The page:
• INTEL: -fp-model strict –fp-model source –prec-div –prec-sqrt
  • CRAY: -hpflex_mp=intolerant
  • SUN: -fsimple=0 –fns=no
  • GNU: -ffloat-store
  • PGI: -Kieee
  • PATHSCALE: -mieee-fp
  • XL: -qstrict –qfloat=nomaf

Note that the MPI communications have been written to ensure bitwise identical answers independent of core count. However under some compilers this is not true unless the IEEE flags is set to be true. This is certainly true of the Intel and Cray compiler. Even with the IEEE options set, this is not guarantee that different compilers or platforms will produce the same answers. Indeed a Fortran run can give different answers from a C run with the same compiler, same options and same hardware.

Extra options can be added without modifying the makefile by adding two further flags, OPTIONS and C_OPTIONS, one for the Fortran and one for the C options.

make COMPILER=INTEL OPTIONS=-xavx C_OPTIONS=-xavx

A build for a Xeon Phi would just need the -xavx option above replaced by -mmic.

Finally, a DEBUG flag can be set to use debug options for a specific compiler.

make COMPILER=PGI DEBUG=1

These flags are also compiler specific, and so will depend on the COMPILER environment variable.

So on a system without the standard MPI wrappers, for a build that requires OpenMP, IEEE and AVX this would look like so:-

make COMPILER=INTEL MPI_COMPILER=mpiifort C_MPI_COMPILER=mpiicc IEEE=1 \
OPTIONS="-xavx" C_OPTIONS="-xavx"

Running the Code

TeaLeaf takes no command line arguments. It expects to find a file called tea.in in the directory it is running in.

There are a number of input files that come with the code. To use any of these they simply need to be copied to tea.in in the run directory and TeaLeaf invoked. The invocation is system dependent.

For example for a hybrid run:

export OMP_NUM_THREADS=4

mpirun -np 8 tea_leaf

Weak and Strong Scaling

Note that with strong scaling, as the task count increases for the same size global problem, the memory use of each task decreases. Eventually, the mesh data starts to fit into the various levels of cache. So even though the communications overhead is increasing, super-scalar leaps in performance can be seen as task count increases. Eventually all cache benefits are gained and the communications dominate.

For weak scaling, memory use stays close to constant and these super-scalar increases aren't seen but the communications overhead stays constant relative to the computational overhead, and scaling remains good.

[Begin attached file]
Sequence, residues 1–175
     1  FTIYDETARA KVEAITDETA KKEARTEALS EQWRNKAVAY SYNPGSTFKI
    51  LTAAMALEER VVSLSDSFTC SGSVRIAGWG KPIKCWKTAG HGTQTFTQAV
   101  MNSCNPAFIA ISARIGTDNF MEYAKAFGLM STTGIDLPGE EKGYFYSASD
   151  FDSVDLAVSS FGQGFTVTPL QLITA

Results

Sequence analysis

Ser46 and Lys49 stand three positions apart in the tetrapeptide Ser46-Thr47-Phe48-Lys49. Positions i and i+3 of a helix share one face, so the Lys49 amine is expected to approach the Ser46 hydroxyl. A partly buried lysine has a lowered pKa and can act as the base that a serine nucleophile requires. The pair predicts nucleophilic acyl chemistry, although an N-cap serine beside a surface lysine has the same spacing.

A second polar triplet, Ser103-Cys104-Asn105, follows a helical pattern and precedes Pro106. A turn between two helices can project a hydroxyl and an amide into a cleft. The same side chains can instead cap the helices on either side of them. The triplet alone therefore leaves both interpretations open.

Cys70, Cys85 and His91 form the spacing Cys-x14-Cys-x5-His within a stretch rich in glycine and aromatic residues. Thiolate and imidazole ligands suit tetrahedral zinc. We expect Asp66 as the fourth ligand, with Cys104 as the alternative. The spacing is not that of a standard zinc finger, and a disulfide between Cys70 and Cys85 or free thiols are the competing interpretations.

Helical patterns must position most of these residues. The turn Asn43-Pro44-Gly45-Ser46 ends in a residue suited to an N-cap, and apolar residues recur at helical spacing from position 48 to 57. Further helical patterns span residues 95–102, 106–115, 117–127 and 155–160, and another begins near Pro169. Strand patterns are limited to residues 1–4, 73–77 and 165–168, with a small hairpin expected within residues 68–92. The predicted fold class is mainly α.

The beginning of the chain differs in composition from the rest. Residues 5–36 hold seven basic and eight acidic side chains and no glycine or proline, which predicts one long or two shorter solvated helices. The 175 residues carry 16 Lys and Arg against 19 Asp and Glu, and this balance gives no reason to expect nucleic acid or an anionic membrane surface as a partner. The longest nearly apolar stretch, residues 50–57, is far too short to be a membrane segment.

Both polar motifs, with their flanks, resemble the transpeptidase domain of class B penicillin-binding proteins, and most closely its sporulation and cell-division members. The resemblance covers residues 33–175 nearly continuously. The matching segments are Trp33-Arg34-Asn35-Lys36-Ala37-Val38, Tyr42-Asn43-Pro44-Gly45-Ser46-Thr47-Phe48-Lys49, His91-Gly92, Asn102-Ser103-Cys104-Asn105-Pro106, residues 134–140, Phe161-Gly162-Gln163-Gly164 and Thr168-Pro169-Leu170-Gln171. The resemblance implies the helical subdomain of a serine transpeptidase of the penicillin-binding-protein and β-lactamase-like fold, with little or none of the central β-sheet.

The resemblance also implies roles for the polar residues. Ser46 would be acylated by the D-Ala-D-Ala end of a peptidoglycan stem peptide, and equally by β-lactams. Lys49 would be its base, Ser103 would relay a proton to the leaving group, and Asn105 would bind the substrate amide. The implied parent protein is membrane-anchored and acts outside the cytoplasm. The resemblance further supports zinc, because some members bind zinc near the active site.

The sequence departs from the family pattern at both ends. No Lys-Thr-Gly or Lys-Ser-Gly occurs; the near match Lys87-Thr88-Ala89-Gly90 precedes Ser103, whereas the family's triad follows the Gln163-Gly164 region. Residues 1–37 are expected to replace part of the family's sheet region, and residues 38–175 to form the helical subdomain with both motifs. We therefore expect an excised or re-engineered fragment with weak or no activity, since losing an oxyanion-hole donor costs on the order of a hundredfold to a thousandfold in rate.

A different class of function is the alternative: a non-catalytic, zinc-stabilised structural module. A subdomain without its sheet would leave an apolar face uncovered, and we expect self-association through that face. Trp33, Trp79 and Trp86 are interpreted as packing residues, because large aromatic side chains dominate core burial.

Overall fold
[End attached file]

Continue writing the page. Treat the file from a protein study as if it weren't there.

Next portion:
Other Issues to Consider

System libraries and settings can also have a significant effect on performance.

The use of the HugePage library can make memory access more efficient. The implementation of this is very system specific and the details will not be expanded here.

Variation in clock speed, such as SpeedStep or Turbo Boost, is also available on some hardware and care needs to be taken that the settings are known.

Many systems also allow some level of hyperthreading at a core level. These usually share floating point units and for a code like TeaLeaf, which is floating point intensive and light on integer operations, are unlikely to produce a benefit and more likely to reduce performance.

TeaLeaf is considered a memory bound code. Most data does not stay in cache very long before it is replaced. For this reason, memory speed can have a significant effect on performance. For the same reason, the same is true of hardware caches.

Testing the Results

Even though bitwise answers cannot be expected across systems, answers should be very close, though the iterative nature of the solves and the dependence on reduction in the MPI can affect this. A summary print of state variables is printed out by default every ten diffusion steps and then at the end of the run. This print gives average value of the volume, mass, density, internal energy and temperature. Only temperature should vary with step count because all boundaries are zero flux and there is no material motion. If mass, volume or enegry do not stay constant through a run, then something is seriously wrong.

There is a set of benchmarks contained in the folder Benchmarks to use for testing ranging from small quick tests that can be run on a laptop tea_bm_1.in to full node runs tea_bm_5.in.

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A mini-app to solve the heat conduction equation